Aldi Wine Club 16th Tasting Panel – Note #2

Another wine review now and this time we’re off for the first of the Aldi red wines offered up by their 16th wine club panel, and the north-eastern vineyards of Portugal.

Perhaps sometimes lost against the prolific and easily recognisable wines of Spain, I don’t tend to taste Portuguese wine half as often as I should.  A conversation with a fellow wine lover this week confirmed that this was their lamentable stance too.

Bottled in Portugal by Vicente Faria, the 7th biggest exporter of Portuguese wine and a family vineyard since the early 19th century, this wine is a blend of three of the indigenous Portuguese red grapes: Tinta Roriz (30%), Touriga Nacional (30%) and Touriga Franca (40%).

Brightly adorning the front of the bottle were two stickers indicating recent successes at two of the world’s leading wine competitions: a commended medal at the IWSC 2017 contest and (since the pictures were done for the Aldi website) a Bronze medal win at the 2017 Decanter wine awards.

All hailing from specially selected plots, the intention of Vincente Faria is to make a ‘delicate’ but ‘complex’ wine with a ‘persistent bouquet’.

Let’s see how they got on.

Aldi Tweet 2

Animus, 2015, Douro DOC, Portugal, 13%, £4.99

Rather than just doing a pure tasting note for the wine, which really only comes alive if you eventually go on to taste the wine, I always like to spend a little time evaluating the packaging.

As an aesthetic that can be appreciated online as well as in person, the label is used as a marketing cue for the consumer to highlight the brand as well as to help to visualise the quality aspirations and overall style of the producer.

Neck Label

Sealed under the merits of a fully branded cork there was the wonderful attention to detail in terms of the neck label, adorned with a crest to the top.  In similar fashion, the label had a good contemporary line drawing design, not too dis-similar to the artist Matisse, depicting two people having a casual drink.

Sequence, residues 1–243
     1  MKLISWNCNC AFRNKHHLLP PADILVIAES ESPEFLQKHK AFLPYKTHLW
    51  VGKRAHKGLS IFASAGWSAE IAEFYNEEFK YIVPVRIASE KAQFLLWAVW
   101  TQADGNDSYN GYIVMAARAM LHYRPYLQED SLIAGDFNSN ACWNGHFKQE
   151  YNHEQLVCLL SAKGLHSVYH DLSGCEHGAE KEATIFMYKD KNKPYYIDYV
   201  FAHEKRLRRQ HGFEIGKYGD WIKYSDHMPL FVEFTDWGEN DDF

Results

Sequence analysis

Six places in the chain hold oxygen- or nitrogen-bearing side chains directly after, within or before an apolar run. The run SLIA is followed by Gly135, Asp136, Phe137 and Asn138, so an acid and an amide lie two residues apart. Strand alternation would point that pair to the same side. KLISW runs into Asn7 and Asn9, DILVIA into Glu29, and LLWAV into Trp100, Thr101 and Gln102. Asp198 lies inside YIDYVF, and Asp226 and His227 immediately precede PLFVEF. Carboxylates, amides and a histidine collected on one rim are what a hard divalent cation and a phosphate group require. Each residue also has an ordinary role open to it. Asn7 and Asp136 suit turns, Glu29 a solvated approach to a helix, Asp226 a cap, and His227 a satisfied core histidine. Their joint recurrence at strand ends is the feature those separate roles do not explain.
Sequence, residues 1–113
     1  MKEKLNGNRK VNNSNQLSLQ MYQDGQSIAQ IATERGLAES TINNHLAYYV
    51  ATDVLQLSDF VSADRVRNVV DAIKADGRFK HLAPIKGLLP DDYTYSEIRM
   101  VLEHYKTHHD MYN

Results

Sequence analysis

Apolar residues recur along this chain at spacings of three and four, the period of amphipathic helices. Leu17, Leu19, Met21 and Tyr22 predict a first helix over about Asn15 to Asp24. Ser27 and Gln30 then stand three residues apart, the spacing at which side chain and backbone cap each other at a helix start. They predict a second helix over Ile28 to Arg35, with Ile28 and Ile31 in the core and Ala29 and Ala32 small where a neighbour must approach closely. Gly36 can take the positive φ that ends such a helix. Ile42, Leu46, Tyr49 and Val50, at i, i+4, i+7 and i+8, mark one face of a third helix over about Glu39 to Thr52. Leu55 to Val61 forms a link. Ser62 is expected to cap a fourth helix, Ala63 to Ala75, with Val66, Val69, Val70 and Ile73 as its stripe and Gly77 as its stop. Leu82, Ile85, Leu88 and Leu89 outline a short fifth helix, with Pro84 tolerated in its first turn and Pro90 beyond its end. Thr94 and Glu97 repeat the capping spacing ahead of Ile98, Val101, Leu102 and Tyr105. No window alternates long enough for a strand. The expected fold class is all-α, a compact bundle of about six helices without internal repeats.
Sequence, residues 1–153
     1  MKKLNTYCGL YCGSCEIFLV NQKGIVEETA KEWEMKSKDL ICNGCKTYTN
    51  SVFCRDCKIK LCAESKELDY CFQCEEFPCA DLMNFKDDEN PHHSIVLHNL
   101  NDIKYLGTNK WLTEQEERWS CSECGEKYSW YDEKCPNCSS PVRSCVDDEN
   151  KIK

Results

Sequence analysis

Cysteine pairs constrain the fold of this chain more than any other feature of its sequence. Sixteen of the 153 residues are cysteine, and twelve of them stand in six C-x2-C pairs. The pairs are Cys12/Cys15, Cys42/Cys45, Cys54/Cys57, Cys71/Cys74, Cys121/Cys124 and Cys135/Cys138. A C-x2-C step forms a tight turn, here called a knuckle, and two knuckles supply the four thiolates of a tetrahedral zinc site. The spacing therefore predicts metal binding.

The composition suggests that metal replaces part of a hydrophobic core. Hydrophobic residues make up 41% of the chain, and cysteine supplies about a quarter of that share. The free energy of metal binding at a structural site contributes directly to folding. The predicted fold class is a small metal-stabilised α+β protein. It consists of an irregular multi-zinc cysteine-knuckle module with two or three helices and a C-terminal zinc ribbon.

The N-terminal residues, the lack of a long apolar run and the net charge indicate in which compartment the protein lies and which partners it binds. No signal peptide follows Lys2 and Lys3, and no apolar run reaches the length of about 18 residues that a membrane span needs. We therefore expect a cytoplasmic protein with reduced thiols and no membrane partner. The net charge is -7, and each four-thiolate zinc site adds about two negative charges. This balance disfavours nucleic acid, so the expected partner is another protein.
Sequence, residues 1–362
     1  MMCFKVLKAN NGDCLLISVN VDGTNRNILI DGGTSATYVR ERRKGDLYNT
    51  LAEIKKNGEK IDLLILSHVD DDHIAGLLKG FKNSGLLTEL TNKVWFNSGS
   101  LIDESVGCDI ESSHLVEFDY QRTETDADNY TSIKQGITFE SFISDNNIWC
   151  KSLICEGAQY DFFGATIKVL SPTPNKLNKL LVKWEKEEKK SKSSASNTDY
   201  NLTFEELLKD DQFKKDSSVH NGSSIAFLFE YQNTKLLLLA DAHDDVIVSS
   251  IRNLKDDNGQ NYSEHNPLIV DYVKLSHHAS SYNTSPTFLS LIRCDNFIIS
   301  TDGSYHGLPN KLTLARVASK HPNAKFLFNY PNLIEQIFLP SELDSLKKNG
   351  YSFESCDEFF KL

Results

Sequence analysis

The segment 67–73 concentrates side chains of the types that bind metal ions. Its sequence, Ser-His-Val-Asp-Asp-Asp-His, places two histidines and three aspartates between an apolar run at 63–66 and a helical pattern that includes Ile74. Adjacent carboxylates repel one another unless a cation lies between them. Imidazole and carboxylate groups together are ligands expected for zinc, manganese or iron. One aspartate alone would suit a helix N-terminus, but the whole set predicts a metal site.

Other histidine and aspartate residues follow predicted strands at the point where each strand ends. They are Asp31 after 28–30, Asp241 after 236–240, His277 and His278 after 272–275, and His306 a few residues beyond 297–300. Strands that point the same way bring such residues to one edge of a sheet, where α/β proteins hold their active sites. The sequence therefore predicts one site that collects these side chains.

On to the tasting and, in the glass, the wine was a classic youthful and inky dark purple colour.  The nose was incredibly intense and full of rich ripe fruits focusing mainly on the red (with a touch of black) cherry.  This was backed up with a good wedge of vanilla florality offset by some stalky unripe, green pepper.

On to the palate, and there were light chalky tannins with a slightly chewy character.  This gave way to a very fresh and youthful tasting wine full of juicy red and black cherry fruit, the blue fruit notes of plum, a fair whack of peppery spice and just a touch of menthol.  A medium weight in the mouth and a driving medium acidity kept it refreshing to drink both with and without food.

The length carried well, lasting over 30 seconds.  In the wake of Brexit and other economic factors in the UK, a £4.99 wine is becoming an ever-increasingly extinct artefact, well behind the current average UK bottle price of £5.60.

Aldi have, once again, managed to come through with the goods.

Already a firm favourite, scoring 4.4 out of 5 in customer ratings on the Aldi website, my thanks go to AldiUK for supplying the bottle used in this tasting.

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UK Vintage 2017 Report #6 – September

The last blog piece written about the progress of my vines through the 2017 season lamented the less than stunning weather seen in August and hoped for a warmer September to compensate.

Any summer renaissance however (which was promised by several forecasters) never materialised and we are now fully in to the cooler temperatures and visibly shorter days of autumn.

Here’s an update as to how things are progressing in the final run up to the harvest.

Ortega

Ortega Sept 17

Furthest along in terms of maturity, this variety is there or thereabouts ready for picking.  The leaves are already starting to change colour to autumnal brown, and I measured the Brix level of the grapes as 19 (giving a potential alcohol of 10.8%).

As a short explanation for those not familiar with growing/picking grapes, a refractometer is an essential tool for a winemaker.  You simply squeeze a small amount of the grape’s juice on to the clear end plate, seal it in and look through the viewing lens.  As light refracts through the trapped juice, the angle of refraction measures the volume of sugars present, ergo the potential alcohol.

Refractometer

10.8% potential alcohol is fair for a white wine produced in the southern UK climate.  11.5% would be perfect so I’ll try to hang on just a little bit longer for now.

Chardonnay

Chardonnay Sept 17

Probably about 2-3 weeks behind my Ortega is my Chardonnay, with a current Brix level of 16 (potential alcohol of 8.8%).  The leaves here have also just started to change colour but, unlike my Ortega, the last couple of weeks have seen the vine continuing to grow, not so much in length/height, but in density.

MVN3

MVN3 Sept 17

As mentioned last month I have seen a very poor yield this year.  This last week has seen veraison (the changing colour of the berries) start to kick in, but the Brix is still tracking at a lowly 11, which is not even on the conversion chart!

You would expect a red grape to be trailing behind the whites, and this one looks like it will need every single remaining day of the harvest if the poorer crop is to come to anything at all.